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4.7 out of 5 stars22
4.7 out of 5 stars
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on 24 August 2002
Over the years I've managed to collect most of Vance's novels and while the Dying Earth and Lyonesse series have received the greatest praise it is the Planet of Adventure that I have reread more than any other.
Like all of Vance's work the way he describes characters and places makes them incredably easy to visualise, so that you feel as though you've visited races and places that are being described. Vance does this and still maintains the pace of the story so that all too soon you find you've reached the end.
The Planet of Adventure while perhaps not having the complexity of the Lyonesse series or the antics of the cunning Cugel in the Dying Earth series deserves a place on your bookshelf and in your mind. It's pure page turning adventure.
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on 8 April 2008
I read these when I was a teenager and loved them. Been out of reading sci-fi for years but recently bought the one-volume series when I happened to see it on Amazon and reading it all through brought back a wonderful feeling of nostalgia. I was entranced as a teen and found it just as enthralling, perhaps more so, 20 years later. And it's rekindled my passion for sci-fi in general. Plan to catch up with all the rest of Vance's works that I have never read, undoubtedly a cornucopia of goodies if half as good as this wonderful read.
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on 30 August 2001
Seems a bit senseless just to add to the earlier reviews, praising this set of stories with even more superlatives. I've read the separate volumes and also the complete set in French (available from They are wholly marvellous stories. The characters are utterly convincing. You might even fall in love with Zap 210 when she finally escapes from the Pnume. You can love Traz, and you get to admire Anacho the Dirdirman and share in the humour that carries them through their adventures. What atmospheres; scenes. And what adventures. No, the only way to share these enthsuaism is to read these books - wonderful, enduring value.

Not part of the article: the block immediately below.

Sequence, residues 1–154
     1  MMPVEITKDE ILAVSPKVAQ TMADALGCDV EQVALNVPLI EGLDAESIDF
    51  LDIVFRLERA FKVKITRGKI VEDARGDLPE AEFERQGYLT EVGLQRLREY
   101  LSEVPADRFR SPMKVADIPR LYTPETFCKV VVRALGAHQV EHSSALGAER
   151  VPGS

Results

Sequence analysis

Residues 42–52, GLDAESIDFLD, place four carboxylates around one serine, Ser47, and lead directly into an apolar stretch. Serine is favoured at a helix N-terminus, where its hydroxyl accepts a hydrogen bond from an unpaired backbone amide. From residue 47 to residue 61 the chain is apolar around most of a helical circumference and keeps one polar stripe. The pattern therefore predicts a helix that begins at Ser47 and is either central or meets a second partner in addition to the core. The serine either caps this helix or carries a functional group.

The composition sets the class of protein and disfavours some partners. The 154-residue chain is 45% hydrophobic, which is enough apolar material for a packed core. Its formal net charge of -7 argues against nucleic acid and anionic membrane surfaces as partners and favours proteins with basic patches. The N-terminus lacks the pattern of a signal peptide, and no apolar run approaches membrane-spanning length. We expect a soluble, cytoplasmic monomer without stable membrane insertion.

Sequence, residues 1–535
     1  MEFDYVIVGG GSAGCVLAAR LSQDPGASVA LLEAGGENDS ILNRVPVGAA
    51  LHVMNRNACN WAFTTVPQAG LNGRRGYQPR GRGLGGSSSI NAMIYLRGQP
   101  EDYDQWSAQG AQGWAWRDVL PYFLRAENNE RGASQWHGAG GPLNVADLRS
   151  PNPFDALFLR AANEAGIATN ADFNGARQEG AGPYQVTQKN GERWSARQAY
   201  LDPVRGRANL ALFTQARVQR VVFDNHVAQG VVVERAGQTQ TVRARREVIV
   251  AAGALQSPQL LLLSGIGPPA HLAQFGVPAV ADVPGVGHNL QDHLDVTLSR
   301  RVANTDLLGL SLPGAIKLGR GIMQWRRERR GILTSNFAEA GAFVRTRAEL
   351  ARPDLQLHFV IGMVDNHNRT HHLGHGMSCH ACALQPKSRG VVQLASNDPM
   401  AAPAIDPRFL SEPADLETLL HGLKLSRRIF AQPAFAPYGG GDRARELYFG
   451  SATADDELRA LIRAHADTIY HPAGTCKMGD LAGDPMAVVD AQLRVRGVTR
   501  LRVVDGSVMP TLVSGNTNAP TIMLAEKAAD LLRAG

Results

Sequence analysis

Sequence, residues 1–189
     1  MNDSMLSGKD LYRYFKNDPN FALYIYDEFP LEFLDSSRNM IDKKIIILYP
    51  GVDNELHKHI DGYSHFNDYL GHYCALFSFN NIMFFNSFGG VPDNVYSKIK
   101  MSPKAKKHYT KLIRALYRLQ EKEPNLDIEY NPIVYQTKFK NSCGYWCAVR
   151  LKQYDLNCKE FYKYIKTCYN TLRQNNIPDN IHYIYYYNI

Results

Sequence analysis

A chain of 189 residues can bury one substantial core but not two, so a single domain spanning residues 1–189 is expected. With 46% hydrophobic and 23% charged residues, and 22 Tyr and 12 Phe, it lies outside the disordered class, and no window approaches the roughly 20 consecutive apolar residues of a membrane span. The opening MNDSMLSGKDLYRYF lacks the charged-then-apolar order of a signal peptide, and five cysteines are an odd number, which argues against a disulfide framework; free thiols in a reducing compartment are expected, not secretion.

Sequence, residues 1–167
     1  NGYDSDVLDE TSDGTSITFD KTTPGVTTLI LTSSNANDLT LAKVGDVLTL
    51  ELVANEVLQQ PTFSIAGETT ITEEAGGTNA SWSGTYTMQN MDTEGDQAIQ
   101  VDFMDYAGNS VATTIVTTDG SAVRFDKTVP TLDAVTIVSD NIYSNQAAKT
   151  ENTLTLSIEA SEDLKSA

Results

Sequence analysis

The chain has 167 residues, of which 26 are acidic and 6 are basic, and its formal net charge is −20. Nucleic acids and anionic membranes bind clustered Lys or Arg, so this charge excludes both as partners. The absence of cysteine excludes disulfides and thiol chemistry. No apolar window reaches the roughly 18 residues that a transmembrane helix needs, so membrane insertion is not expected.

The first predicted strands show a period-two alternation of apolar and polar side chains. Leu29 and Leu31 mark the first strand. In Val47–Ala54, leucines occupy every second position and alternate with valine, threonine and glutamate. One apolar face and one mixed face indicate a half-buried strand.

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TOP 500 REVIEWERon 3 July 2007
Well, at least I couldn't. It is really exceptional to write four adventure books which all are of the same incredibly high quality level. Although the principal hero, Adam Reith, is clearly superhuman (there is simply no way to defeat him in a fight) and so hard to totally relate to, it is only a minor flaw. The incredible adventures lived by the heroes, the multitude of different cultures (alien and human) present on the planet Tschai, the beauty of Jack Vance unique descriptions and dialogues - all of that makes for a masterpiece, which will never age. And it also contains one of the most gentle and touching love stories described in a SF book. A book to buy, fell in love with, devour greedily and later keep preciously on the shelf of honour - forever!
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on 17 December 2000
I bought the second volume of this series (the one with the unfortunate name) in a junk shop, and read it entranced. It made me check amazon with a certain nervousness, fearful that the other books in the series were no longer in print. Thank heaven it still is. This series simply is one of the most extraordinary books of the century -- like the best fantasy and sf it is inventive, colourful, vivid and has the quality of imaginative engagement that makes you feel you've really experienced what it describes; but at the same time it is so suave, so elegant and oblique -- in a word so cool. I don't know any writer in any genre who even comes close to Vance.